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In spite of it all, I’m able to grin

by davesandel on May 24th, 2023

Wednesday, May 24, 2023

(click here to listen to or read today’s scriptures)

In spite of it all, I’m able to grin

Some of us are far too young to sing this Pete Seeger singalong song

How do I know my youth is all spent?

My get up and go has got up and went

But in spite of it all, I’m able to grin

When I think of the places my get up has been

 Old age is golden, I think I’ve heard said

But sometimes I wonder as I crawl into bed

My ears in a drawer, my teeth in a cup

My eyes on the table until I wake up

 As sleep dims my vision, I say to myself

Is there anything else I should lay on the shelf?

But nations are warring and business is vexed

So I’ll stick around to see what happens next

 How do I know …

 When I was younger, my slippers were red

I could kick up my heels right over my head

When I was older my slippers were blue

But still I could dance the whole night thru

 Now I am old, my slippers are black

I huff to the store and I puff my way back

But never you laugh, I don’t mind at all

I’d rather be huffing than not puff at all

 How do I know …

 I get up each morning and dust off my wits

Open the paper and read the obits

If I’m not there, I know I’m not dead

So I eat a good breakfast and go back to bed

 How do I know …

And I must also say, some of us are not too old at all!

Some famous friends have died recently. Most recently pastor and intellectual Tim Keller, a year younger than Margaret and I. Antihero Jerry Springer, age 79. Michael Gerson, columnist and intellectual, age 58. A while ago, Dallas Willard, age 77.

Like Paul, all of them had a chance to say goodbye.

Keep watch over yourselves and over the whole flock. I know that after my departure savage wolves will come among you, and they will not spare anyone. From your own group men will come forward perverting the truth, so be vigilant.

Like Paul, all of them could endeavor to turn the eyes of their disciples toward God.

Now I commend you to God and to that gracious word of his that can build you up and give you the inheritance.

Paul rarely hesitated to point out what he had done to build others up. He talked about it a lot, actually. Rarely did his listeners seem to think he was overly full of himself.

You know well that these very hands have served my needs and my companions. In every way I have shown you that by hard work of that sort we must help the weak, and keep in mind the words of the Lord Jesus who himself said, “It is more blessed to give than to receive.”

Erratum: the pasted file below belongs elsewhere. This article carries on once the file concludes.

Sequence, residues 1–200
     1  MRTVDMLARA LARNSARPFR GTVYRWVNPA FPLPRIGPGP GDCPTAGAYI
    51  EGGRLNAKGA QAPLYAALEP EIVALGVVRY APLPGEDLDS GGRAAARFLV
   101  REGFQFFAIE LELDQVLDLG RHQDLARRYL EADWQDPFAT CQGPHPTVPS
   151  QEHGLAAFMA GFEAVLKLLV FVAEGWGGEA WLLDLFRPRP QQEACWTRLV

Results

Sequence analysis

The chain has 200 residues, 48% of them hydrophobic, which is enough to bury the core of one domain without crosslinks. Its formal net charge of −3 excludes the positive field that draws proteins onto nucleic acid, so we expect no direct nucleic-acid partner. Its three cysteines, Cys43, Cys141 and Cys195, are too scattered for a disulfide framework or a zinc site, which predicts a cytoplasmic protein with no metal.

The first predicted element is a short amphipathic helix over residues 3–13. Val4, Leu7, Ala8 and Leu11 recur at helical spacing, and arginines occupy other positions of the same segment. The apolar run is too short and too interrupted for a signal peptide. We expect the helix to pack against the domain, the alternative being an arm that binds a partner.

Paul spent long hours with some of Jesus’ disciples. Imagine the questions that he asked, and the stories that he heard. He must have heard some of what Jesus said at the last supper, in the upper room, moments before he was arrested on the Mount of Olives. This moment might have felt like that to him.

When he had finished speaking he knelt down and prayed with them all. They were all weeping loudly as they threw their arms around Paul and kissed him, for they were deeply distressed that he had said they would never see his face again.

I want to learn both sides of this grieving, to pour out my sadness at leaving, and pour out my sadness at being left. Nothing in my life’s education has purposely taught me how. What is wrong with us adults who seem to think we’ll live forever, who don’t practice the weeping of goodbye and don’t teach our kids about it either?

I think I know one thing: we haven’t learned how to juggle two contradictory events, but think we are required to pick either-or. So we don’t juggle thoughts of our life full of plans, emotions and thousands of heartbeats with imaginings of our unpredictable but certain death. Worse, we call ourselves or others either maudlin or morbid when we dwell too much on one or the other. Hearing the judgment, we keep this confusion to ourselves.

Far better to watch Jesus. As he is about to die he asks his Father to “consecrate them in the truth.”

Your word is truth. As you sent me into the world, so I sent them into the world. And I consecrate myself for them, so that they also may be consecrated in truth.

(Acts 20, Psalm 68, John 17)

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